The Issue of Gender Inequality Within Society

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Updated: Apr 10, 2019
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The Issue of Gender Inequality Within Society essay

According to the International Labour Organization, “equality in pay has improved in the US since 1979 when women earned about 62% as much as men. In 2010, American women on average earned 81% of what their male counterparts earned. Women’s participation in the U.S. labor force climbed during the 1970s and 1980s, reaching 60 percent in 2000. However, in 2010 this figure has declined to 46.7 percent and is not expected to increase by 2018.” (“Gender Inequality and Women in the US Labor Force,” 2011). There’s still a disparity but it’s much less than that 62%.

The subject of the value of women’s work versus the value of men’s work is hot in society today. I think that one of the issues here is that we’re thinking about the world through the dominant cultural lens. People have a tendency to think about work in a very limited way. Work is frequently thought of as when someone shows up at their office, puts in a certain number of hours, then collect a paycheck after a given number of weekdays.

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There are other ways people might think about work, but it certainly may not be as inclusive of all the work that goes into building a society. All the necessary work that’s required for building a society falls on the shoulders of women. This social responsibility is regardless of the fact that men find themselves in higher paying positions. The higher paying positions have the excuses of more risk involved, or men are stronger, or less emotional, or other cultural stereotypes that are bestowed upon men.

Society must take into consideration that women are actually responsible for a fair amount of the work that is done in terms of making the society run. For example, let’s explore the fact that often a woman in mid-career may leave the workforce to have a child and is therefore no longer being paid; is she still contributing valuable work to the society? Can you imagine if women stopped taking the time out of their careers to have and care for their children and the impact it would have on society?

But for some reason, it’s not considered work worthy of pay because it’s work that a woman should do because it’s her natural place. When men are doing labor that requires a little more strength we don’t say “well that’s their natural place in society so let’s not pay them any more for that.” Right! So, we pay women less for doing the work that suits them most because of their biological makeup and we pay men more for doing work that is more suitable for their biological makeup.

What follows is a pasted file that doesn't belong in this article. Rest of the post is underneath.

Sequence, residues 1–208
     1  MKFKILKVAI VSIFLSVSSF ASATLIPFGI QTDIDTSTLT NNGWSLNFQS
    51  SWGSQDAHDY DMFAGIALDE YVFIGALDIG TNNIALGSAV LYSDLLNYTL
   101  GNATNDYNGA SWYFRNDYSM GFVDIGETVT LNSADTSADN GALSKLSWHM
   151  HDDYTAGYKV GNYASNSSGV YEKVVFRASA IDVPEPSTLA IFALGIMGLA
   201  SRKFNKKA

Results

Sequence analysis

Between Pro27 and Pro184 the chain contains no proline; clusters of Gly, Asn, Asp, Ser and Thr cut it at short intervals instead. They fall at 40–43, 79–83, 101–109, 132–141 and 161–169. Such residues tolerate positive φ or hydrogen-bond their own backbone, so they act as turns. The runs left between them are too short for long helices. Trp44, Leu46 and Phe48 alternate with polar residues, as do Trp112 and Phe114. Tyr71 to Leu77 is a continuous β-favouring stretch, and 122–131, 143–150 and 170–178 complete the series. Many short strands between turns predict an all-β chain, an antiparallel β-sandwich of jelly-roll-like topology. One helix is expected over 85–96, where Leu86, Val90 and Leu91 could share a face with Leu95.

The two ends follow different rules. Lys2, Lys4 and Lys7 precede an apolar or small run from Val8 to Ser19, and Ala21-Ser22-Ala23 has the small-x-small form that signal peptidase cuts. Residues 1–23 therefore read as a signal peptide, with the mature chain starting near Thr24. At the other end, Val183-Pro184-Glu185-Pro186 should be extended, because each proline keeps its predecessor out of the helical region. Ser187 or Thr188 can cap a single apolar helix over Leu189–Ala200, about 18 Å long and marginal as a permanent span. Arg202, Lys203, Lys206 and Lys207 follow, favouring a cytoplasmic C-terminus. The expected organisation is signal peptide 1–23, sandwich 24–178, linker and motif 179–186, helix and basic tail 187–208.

If we look at the other work that’s required from or expected of a woman who stays home to take care of her children, all that is required of a homemaker, it’s hard work. Keeping the house clean, balancing the family budget, keeping and balancing the kid’s schedules, finding some time for some adult socialization, and all other responsibilities that a woman might have. She isn’t getting paid for all that work, but it’s all still necessary for maintaining societal balance. Something to think about is how the valuable work that women do to contribute to society is compensated versus the work that men do to contribute. Woman taking care of children are raising the next generation of workers, the generation that will be in charge of future society, get paid nothing while her male counterpart is off doing paid work.

The other side of this argument is that there are more and more opportunities that afford women to work paid jobs. We must think about how society is directing men into a certain type of occupation and women into another. In my work in emergency medical services, I have heard many times about how the “dirty work” of the streets is for men and women are best suited to nursing within the “clean” hospital setting. I wasn’t always welcome among my peers and frequently found the men trying to do things for me to “lighten my load.” It was demeaning and irritating.

If I didn’t accept their assistance, I would frequently hear comments on how “manly” I must be feeling today. I’ve also observed male nurses in the emergency departments get teased by my EMS peers about doing the “women’s work,” “keeping their hands clean,” or the male nurse’s inability to “handle the real world on the streets.” Most of the time the comments are laughed off, but internally it plays a role in a persons self-regard.

Finally, I would like to say that society could really benefit from the consideration of women historically and the way they have been funneled into a single role, not unlike the way one might imaging cattle being funneled into a chute leading to the killing floor. Three hundred years ago, women were persecuted and burned at the stake for failure to conform to the roles that society dictated. They were accused of being witches because they didn’t, couldn’t, or wouldn’t embrace and conform to what the societal standard for women was in that time (“A Brief History of the Salem Witch Trials,” n.d.).

There’s an interesting book called, “Caliban and the Witch” by Silvia Federici which tracks the way women went from being respected members of the family when people were living a more rural life to being forced into the position of a housewife when societies became more urbanized (“Silvia Federici, Caliban and the Witch,” 2017). The parallels that can be drawn between then and now are disheartening. While women aren’t being burned at the stake and accused of being witches, we are still persecuted for not properly conforming to the societal standards of what it means to be a woman.

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The Issue of Gender Inequality Within Society. (2019, Apr 10). Retrieved from